FW Opinion: Farmers should not bear full cost of wild weather

Uncertainty in farming is nothing new – whether it’s late support payments, commodity price swings, or changing consumer trends. But it seems each year is becoming more of a gamble because of increasing climate change.

As we lurch from one weather extreme to another, for many, dealing with the consequences is becoming less manageable.

See also: How land drainage project is benefiting grazing and wildlife

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Philip Case
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Just 15 months since the NFU hosted a drought summit, huge swathes of farmland are under water this week.

Farm businesses have only just recovered from the hot, dry summer of 2018 and now they are being walloped by torrential rain.

Severe crop damage

You only need a quick glance at social media to find dozens of shocking images of fields under water, crops damaged and livestock stranded.

Herefordshire arable farmer Ally Hunter Blair, who has about 60ha under water, said his farm in Ross-on-Wye has only seen two bigger floods since 1969.

Agronomist Sean Sparling, based in Lincolnshire, says it is the wettest autumn he has seen, with the lowest proportion of crops drilled.

Estimates show about 25-35% of planned winter crops – wheat and barley – are drilled.

There is still time to get crops in if we get a spell of dry weather, but cereal yields are likely to be down due to poor conditions and late drilling.

The lessons from our last wet autumn in 2012 must be heeded – do not muddle wheat in the ground, wait for the spring or better conditions.

Many farmers won’t get that chance, so there is likely to be a lot of spring barley planted, which will hit prices. Contracts for malting spring barley for 2020 harvest are very rare, if not non- existent, due to Brexit uncertainty.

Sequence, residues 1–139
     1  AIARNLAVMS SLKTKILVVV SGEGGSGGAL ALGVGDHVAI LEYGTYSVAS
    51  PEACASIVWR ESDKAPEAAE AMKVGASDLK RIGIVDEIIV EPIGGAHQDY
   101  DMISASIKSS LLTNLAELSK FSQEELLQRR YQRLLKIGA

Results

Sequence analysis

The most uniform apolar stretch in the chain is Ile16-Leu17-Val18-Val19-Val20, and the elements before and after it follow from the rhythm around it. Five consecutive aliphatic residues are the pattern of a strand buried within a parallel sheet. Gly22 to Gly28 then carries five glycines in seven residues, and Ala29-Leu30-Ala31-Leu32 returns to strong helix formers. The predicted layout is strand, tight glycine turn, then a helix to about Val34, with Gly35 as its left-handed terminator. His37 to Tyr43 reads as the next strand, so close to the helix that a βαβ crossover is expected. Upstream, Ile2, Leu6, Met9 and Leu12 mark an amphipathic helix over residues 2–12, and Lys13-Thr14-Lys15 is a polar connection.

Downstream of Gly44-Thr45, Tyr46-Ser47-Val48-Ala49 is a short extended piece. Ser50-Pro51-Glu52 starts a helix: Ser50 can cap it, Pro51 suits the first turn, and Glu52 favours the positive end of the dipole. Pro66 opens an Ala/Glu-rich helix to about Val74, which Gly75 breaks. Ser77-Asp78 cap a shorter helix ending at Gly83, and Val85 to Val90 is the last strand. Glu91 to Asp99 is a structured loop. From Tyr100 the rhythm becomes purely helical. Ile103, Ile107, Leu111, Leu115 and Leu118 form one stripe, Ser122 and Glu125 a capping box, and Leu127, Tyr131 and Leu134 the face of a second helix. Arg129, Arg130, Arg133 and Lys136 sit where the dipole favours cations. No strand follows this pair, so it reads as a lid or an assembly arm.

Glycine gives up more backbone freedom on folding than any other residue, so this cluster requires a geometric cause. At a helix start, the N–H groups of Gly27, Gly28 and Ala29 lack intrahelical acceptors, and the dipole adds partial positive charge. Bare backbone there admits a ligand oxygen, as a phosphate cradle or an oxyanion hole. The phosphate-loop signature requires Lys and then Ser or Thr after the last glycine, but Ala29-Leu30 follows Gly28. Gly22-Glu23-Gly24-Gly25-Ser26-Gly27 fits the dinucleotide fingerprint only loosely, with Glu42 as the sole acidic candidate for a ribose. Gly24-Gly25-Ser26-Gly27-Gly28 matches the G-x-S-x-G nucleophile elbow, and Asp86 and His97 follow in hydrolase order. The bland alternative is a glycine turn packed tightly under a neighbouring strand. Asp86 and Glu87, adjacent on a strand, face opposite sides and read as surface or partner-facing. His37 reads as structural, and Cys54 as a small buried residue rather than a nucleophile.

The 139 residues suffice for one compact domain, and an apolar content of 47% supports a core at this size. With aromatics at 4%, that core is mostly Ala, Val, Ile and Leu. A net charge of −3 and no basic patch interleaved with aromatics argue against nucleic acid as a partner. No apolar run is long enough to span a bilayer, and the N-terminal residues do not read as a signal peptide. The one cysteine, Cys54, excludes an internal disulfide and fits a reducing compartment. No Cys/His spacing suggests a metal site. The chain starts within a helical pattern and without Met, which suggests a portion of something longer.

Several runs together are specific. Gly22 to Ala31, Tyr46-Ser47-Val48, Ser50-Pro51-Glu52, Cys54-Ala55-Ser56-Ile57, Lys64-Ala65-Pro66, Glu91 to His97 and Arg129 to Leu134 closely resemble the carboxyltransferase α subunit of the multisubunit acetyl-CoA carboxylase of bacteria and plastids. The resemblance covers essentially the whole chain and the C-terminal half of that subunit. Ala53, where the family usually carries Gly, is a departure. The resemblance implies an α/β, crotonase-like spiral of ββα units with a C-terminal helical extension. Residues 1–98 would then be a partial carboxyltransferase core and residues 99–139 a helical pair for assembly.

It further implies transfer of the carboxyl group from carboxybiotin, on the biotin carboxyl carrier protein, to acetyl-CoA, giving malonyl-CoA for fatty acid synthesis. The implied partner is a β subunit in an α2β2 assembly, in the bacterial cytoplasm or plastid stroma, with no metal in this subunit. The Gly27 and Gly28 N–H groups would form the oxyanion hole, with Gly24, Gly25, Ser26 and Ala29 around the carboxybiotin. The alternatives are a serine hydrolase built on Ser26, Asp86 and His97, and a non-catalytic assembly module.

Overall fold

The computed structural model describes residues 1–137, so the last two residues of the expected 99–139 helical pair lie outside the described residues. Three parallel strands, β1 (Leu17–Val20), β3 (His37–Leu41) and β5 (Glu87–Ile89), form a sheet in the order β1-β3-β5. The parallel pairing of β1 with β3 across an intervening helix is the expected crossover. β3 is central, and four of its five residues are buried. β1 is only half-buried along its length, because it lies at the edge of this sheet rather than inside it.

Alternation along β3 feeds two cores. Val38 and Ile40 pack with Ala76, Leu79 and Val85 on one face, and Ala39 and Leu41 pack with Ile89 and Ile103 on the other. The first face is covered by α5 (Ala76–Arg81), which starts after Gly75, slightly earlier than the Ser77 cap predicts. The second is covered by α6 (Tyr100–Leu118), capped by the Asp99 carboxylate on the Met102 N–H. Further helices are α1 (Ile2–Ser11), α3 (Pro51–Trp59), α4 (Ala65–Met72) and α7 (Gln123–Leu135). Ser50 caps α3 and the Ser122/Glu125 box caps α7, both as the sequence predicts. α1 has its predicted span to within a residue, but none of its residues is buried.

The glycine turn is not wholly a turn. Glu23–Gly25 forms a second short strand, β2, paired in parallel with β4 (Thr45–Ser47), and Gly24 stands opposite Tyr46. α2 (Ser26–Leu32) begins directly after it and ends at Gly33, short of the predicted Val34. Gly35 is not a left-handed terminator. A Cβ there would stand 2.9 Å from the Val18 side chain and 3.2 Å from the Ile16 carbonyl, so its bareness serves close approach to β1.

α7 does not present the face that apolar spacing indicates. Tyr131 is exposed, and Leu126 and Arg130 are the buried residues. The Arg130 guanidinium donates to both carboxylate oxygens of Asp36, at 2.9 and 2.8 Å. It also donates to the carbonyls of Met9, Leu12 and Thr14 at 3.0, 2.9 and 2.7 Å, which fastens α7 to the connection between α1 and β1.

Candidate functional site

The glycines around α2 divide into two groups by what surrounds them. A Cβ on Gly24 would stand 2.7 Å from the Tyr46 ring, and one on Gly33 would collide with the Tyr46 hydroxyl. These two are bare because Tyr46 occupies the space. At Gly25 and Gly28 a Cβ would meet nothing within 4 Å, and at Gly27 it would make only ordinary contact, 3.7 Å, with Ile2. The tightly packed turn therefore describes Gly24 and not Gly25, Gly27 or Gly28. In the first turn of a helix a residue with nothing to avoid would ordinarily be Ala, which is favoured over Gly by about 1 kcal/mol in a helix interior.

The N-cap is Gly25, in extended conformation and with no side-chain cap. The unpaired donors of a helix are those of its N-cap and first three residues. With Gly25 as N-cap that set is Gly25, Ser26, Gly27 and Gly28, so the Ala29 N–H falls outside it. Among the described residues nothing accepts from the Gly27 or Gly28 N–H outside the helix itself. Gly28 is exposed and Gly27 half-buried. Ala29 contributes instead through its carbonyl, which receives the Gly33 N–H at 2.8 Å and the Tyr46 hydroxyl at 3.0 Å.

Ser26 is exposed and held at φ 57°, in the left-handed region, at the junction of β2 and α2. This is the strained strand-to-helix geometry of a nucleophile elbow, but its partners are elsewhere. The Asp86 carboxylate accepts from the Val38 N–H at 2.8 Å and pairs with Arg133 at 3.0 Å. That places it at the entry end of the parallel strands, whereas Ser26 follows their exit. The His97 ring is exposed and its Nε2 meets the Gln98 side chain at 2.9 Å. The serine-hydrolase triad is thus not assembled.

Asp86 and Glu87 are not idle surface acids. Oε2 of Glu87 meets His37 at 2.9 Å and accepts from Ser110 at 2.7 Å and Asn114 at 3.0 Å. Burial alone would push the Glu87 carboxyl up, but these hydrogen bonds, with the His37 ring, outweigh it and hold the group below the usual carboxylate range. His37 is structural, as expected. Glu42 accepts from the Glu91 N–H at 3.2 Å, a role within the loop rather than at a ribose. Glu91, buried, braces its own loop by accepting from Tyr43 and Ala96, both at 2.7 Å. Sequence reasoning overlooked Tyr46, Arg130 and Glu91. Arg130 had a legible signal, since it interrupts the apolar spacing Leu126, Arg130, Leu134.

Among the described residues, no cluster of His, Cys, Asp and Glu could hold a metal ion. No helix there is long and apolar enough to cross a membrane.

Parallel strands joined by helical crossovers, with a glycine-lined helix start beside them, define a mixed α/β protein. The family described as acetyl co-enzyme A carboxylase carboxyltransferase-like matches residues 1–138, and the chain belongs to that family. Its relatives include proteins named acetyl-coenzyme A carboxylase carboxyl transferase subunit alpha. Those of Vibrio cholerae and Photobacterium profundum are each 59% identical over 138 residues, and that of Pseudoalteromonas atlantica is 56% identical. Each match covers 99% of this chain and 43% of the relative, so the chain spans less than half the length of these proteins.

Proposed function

For those lucky enough to be able to drill this autumn, a good price is in reach, with November 2020 London wheat futures are showing the highest price since harvest.

Livestock woes

Meanwhile, livestock farms on heavy land and in western regions are already facing the prospect of a long winter.

Cows have been housed for a week or two already, but at least there is ample forage to go at this year.

Maize was a lifesaver for many after last year’s drought, yielding and analysing well. This year, it is perhaps one of the biggest headaches and it could be weeks before it’s harvested on many farms.

As we head towards winter, the weather has more surprises in store.

The Met Office is already warning of another “Beast from the East” forecast around the time of the general election (12 December) – when we could be battling the coldest winter in 30 years.

Yet the weather is just one of many challenges facing agriculture. The ongoing uncertainty surrounding Brexit, the lack of clarity over future payment schemes, bovine TB, the loss of active ingredients and the rise in veganism and anti-meat agendas all present their issues too.

We all know that farmers are resilient folk, and when the chips are down, we’ll battle through. Farmers are not inherent gamblers – it’s a fact of the business they are in that there are quite big risks.

However, it would help if Defra secretary Theresa Villiers at least acknowledged the situation and came up with some practical and financial measures to help flood victims.